I’m pleased to share this guest post by Jessica Miller, on a topic which has often been discussed here. The difference is that Jessica is , as she says, a young grad and new to the international education field. Her comments are instructive for students starting on campus this Fall or who are preparing for their first study abroad program- or who are graduating in 2017. And the answer to her question is: not yet.
As a recent graduate, a recent study abroad returnee and an even more recent hiring manager for entry level candidates seeking a career in international education, I have a unique perspective, or more so a frustration, with the comment that studying abroad “was great!” Luckily, I can say that I have not heard this comment in from a single candidate. Does that mean we are beyond “it was great,” that we have successfully assisted students in integrating their study abroad experiences into their resume, cover letter and job interview?
Maybe my abroad experiences provoke a deeper conversation in the interview process. Maybe study abroad offices or even career service offices, are intentionally guiding students to make the direct connection between the transferrable soft skills learned abroad to future job prospects. Maybe students are becoming more intentional in their decisions to go abroad. This is great!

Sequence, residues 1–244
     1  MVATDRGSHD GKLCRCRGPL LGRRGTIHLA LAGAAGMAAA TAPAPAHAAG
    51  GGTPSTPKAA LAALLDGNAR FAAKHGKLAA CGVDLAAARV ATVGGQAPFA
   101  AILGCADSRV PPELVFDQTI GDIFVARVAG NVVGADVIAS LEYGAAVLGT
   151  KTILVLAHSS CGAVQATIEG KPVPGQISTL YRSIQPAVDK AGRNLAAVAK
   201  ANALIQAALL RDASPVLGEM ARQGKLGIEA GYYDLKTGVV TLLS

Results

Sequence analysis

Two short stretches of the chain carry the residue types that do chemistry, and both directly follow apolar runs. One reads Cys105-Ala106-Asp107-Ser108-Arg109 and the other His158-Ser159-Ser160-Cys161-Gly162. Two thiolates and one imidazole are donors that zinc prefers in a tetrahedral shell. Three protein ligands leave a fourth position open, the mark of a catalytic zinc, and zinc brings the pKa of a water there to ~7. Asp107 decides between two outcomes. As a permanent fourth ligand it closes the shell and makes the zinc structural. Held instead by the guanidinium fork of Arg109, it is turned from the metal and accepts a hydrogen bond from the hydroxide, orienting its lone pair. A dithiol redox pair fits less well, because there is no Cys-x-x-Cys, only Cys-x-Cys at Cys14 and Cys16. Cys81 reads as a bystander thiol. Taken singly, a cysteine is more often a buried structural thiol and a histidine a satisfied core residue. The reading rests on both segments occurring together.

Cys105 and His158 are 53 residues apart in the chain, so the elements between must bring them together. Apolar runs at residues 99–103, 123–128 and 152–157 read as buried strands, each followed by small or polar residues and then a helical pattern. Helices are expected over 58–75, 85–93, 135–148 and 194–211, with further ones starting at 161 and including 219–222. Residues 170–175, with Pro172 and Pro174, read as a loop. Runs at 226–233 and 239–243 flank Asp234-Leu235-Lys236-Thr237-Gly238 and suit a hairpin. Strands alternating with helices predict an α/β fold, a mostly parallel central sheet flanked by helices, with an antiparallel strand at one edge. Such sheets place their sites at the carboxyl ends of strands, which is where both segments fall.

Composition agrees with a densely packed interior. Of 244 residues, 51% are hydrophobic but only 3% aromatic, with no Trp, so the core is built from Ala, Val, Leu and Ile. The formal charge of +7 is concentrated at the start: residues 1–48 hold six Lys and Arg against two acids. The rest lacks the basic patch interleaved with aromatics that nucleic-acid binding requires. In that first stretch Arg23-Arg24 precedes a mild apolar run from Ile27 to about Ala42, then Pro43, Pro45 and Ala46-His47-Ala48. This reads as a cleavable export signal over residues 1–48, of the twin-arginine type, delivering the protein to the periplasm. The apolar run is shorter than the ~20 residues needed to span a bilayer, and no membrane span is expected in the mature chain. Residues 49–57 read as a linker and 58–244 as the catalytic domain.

Not really. Students have made the connection that studying abroad often develops the skills necessary to become a successful employee. This is evident when candidates in my most recent hiring cycle said: “I studied abroad and that is why I am the best person for this job.” Although this represents a success in that a connection has been made between abroad experiences and future employment, there is of course a second half of this thought that must be completed to obtain employment.
Attention all study abroad returnees: going abroad does not make you stand out from candidates who have not studied abroad.
The specific experiences where you had to adapt to a new set of cultural norms, where you had to communicate in a different language to achieve a goal, where you had to make efficient and accurate decisions when plans changed at the last minute. These experiences and these newly acquired skills are what will set you apart.